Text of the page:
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Need for (the Right) Speed: the Timing and Composition of Public Debt Deleveraging

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  • Romei, Federica

Abstract

This paper studies the optimal path for public debt deleveraging in a heterogeneous agents framework under incomplete financial markets. My analysis addresses two questions. What is the optimal fiscal instrument the government needs to use to reduce public debt? What is the optimal speed of public debt deleveraging? The main finding is that public debt should be reduced quickly and by cutting public expenditure. If the fiscal authority is forced to use income taxation instead, public debt deleveraging needs to be slow. Independently of fiscal instruments, the economy may end up in a liquidity trap. I show that, in my model, the zero lower bound has a redistributive effect. If the liquidity trap is very persistent, it can reallocate resources from financially constrained agents to financially unconstrained ones. Due to this mechanism, a very slow public debt reduction achieved by increasing income taxation is very costly in terms of aggregate welfare.

Suggested Citation

  • Romei, Federica, 2015. "Need for (the Right) Speed: the Timing and Composition of Public Debt Deleveraging," Economics Working Papers MWP2015/11, European University Institute.
  • Handle: RePEc:eui:euiwps:mwp2015/11
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    References listed on IDEAS

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    1. Adam, Klaus & Billi, Roberto M., 2006. "Optimal Monetary Policy under Commitment with a Zero Bound on Nominal Interest Rates," Journal of Money, Credit and Banking, Blackwell Publishing, vol. 38(7), pages 1877-1905, October.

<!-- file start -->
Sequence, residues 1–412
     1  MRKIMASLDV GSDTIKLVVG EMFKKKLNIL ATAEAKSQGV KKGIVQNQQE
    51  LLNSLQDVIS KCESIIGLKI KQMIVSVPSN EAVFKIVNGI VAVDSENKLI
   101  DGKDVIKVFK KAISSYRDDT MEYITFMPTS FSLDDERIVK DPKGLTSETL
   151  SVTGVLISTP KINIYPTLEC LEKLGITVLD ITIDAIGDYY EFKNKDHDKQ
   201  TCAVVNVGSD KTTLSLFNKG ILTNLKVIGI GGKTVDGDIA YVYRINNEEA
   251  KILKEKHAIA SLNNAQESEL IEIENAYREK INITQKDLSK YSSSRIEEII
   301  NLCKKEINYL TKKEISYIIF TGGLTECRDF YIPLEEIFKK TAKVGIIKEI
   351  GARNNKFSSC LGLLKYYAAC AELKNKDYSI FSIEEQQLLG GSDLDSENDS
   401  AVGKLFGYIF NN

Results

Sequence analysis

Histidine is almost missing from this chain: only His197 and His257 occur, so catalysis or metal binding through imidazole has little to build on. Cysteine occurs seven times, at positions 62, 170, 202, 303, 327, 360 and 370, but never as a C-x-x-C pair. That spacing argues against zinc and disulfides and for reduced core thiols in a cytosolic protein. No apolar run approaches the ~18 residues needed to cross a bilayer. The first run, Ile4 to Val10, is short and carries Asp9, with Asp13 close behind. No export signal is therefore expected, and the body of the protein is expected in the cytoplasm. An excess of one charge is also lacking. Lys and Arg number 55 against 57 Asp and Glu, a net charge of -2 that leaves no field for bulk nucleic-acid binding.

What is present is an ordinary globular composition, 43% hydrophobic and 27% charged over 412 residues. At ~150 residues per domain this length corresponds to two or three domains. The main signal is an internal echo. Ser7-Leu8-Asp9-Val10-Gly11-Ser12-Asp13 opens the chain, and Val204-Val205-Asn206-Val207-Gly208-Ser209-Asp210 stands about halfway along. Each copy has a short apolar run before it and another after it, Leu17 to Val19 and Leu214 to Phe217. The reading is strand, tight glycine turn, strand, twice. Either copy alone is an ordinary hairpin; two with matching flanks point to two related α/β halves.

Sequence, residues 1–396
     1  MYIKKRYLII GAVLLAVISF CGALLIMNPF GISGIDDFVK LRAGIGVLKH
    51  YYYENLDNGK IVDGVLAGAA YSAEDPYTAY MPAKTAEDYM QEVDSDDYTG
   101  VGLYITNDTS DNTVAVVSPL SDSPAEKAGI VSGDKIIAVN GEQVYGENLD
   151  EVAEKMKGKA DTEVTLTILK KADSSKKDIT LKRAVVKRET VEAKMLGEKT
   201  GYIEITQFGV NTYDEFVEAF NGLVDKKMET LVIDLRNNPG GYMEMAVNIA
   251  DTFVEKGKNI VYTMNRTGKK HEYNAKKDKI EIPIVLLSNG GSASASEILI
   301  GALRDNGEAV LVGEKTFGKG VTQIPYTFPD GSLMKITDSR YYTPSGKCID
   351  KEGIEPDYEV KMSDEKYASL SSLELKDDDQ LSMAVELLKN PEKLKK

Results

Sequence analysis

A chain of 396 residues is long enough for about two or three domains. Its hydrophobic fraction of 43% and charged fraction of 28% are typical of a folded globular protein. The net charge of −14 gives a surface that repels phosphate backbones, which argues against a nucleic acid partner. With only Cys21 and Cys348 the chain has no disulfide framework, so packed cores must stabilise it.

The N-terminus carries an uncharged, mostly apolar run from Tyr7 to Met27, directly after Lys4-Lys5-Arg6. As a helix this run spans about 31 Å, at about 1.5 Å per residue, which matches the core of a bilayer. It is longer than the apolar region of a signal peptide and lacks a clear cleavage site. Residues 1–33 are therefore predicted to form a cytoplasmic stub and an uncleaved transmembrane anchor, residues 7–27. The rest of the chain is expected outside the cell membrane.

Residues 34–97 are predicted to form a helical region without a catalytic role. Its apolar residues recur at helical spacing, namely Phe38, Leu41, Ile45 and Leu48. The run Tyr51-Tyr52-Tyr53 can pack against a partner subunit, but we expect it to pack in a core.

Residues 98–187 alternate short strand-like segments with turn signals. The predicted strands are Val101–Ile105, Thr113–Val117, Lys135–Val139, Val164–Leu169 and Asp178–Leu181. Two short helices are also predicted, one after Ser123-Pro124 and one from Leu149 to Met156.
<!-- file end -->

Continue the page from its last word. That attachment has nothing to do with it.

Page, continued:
2. Luca Fornaro, 2018. "International Debt Deleveraging," Journal of the European Economic Association, European Economic Association, vol. 16(5), pages 1394-1432.
    3. Pierpaolo Benigno & Gauti B. Eggertsson & Federica Romei, 2020. "Dynamic Debt Deleveraging and Optimal Monetary Policy," American Economic Journal: Macroeconomics, American Economic Association, vol. 12(2), pages 310-350, April.
    4. Carroll, Christopher D., 2006. "The method of endogenous gridpoints for solving dynamic stochastic optimization problems," Economics Letters, Elsevier, vol. 91(3), pages 312-320, June.
    5. Benigno, Pierpaolo & Romei, Federica, 2014. "Debt deleveraging and the exchange rate," Journal of International Economics, Elsevier, vol. 93(1), pages 1-16.
    6. Röhrs, Sigrid & Winter, Christoph, 2017. "Reducing government debt in the presence of inequality," Journal of Economic Dynamics and Control, Elsevier, vol. 82(C), pages 1-20.
    7. Adam, Klaus & Billi, Roberto M., 2007. "Discretionary monetary policy and the zero lower bound on nominal interest rates," Journal of Monetary Economics, Elsevier, vol. 54(3), pages 728-752, April.
    8. Frank Smets & Raf Wouters, 2003. "An Estimated Dynamic Stochastic General Equilibrium Model of the Euro Area," Journal of the European Economic Association, MIT Press, vol. 1(5), pages 1123-1175, September.
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    Cited by:

    1. Axelle Ferriere & Anastasios G. Karantounias, 2019. "Fiscal Austerity in Ambiguous Times," American Economic Journal: Macroeconomics, American Economic Association, vol. 11(1), pages 89-131, January.
    2. Ralph Luetticke, 2018. "Transmission of Monetary Policy with Heterogeneity in Household Portfolios," Discussion Papers 1819, Centre for Macroeconomics (CFM).
    3. Thomas Philippon & Francisco Roldán, 2018. "On the Optimal Speed of Sovereign Deleveraging with Precautionary Savings," IMF Economic Review, Palgrave Macmillan;International Monetary Fund, vol. 66(2), pages 375-413, June.

    More about this item

    Keywords

    Fiscal policy; Heterogeneous agents; Public debt deleveraging;

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